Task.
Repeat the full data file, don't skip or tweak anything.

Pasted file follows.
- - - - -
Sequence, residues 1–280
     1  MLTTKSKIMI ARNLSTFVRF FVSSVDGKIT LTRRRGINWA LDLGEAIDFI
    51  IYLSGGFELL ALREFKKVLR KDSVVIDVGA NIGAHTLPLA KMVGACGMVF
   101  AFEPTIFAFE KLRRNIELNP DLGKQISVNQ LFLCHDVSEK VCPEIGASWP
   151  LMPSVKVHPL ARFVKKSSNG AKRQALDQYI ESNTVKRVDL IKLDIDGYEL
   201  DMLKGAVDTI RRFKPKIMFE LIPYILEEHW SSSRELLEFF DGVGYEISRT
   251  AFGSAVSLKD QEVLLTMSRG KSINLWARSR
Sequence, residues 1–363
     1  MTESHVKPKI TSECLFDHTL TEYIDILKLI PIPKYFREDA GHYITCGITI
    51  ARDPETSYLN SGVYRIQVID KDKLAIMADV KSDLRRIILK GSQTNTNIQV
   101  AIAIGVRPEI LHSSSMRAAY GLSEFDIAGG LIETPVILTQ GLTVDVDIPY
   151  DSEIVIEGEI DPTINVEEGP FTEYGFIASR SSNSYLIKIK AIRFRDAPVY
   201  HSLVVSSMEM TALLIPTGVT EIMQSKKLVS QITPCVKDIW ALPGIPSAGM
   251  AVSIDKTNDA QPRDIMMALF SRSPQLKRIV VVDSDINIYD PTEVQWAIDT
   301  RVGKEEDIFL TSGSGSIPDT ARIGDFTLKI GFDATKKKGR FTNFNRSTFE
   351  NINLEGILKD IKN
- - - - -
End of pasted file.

Sequence, residues 1–280
     1  MLTTKSKIMI ARNLSTFVRF FVSSVDGKIT LTRRRGINWA LDLGEAIDFI
    51  IYLSGGFELL ALREFKKVLR KDSVVIDVGA NIGAHTLPLA KMVGACGMVF
   101  AFEPTIFAFE KLRRNIELNP DLGKQISVNQ LFLCHDVSEK VCPEIGASWP
   151  LMPSVKVHPL ARFVKKSSNG AKRQALDQYI ESNTVKRVDL IKLDIDGYEL
   201  DMLKGAVDTI RRFKPKIMFE LIPYILEEHW SSSRELLEFF DGVGYEISRT
   251  AFGSAVSLKD QEVLLTMSRG KSINLWARSR
Sequence, residues 1–363
     1  MTESHVKPKI TSECLFDHTL TEYIDILKLI PIPKYFREDA GHYITCGITI
    51  ARDPETSYLN SGVYRIQVID KDKLAIMADV KSDLRRIILK GSQTNTNIQV
   101  AIAIGVRPEI LHSSSMRAAY GLSEFDIAGG LIETPVILTQ GLTVDVDIPY
   151  DSEIVIEGEI DPTINVEEGP FTEYGFIASR SSNSYLIKIK AIRFRDAPVY
   201  HSLVVSSMEM TALLIPTGVT EIMQSKKLVS QITPCVKDIW ALPGIPSAGM
   251  AVSIDKTNDA QPRDIMMALF SRSPQLKRIV VVDSDINIYD PTEVQWAIDT
   301  RVGKEEDIFL TSGSGSIPDT ARIGDFTLKI GFDATKKKGR FTNFNRSTFE
   351  NINLEGILKD IKN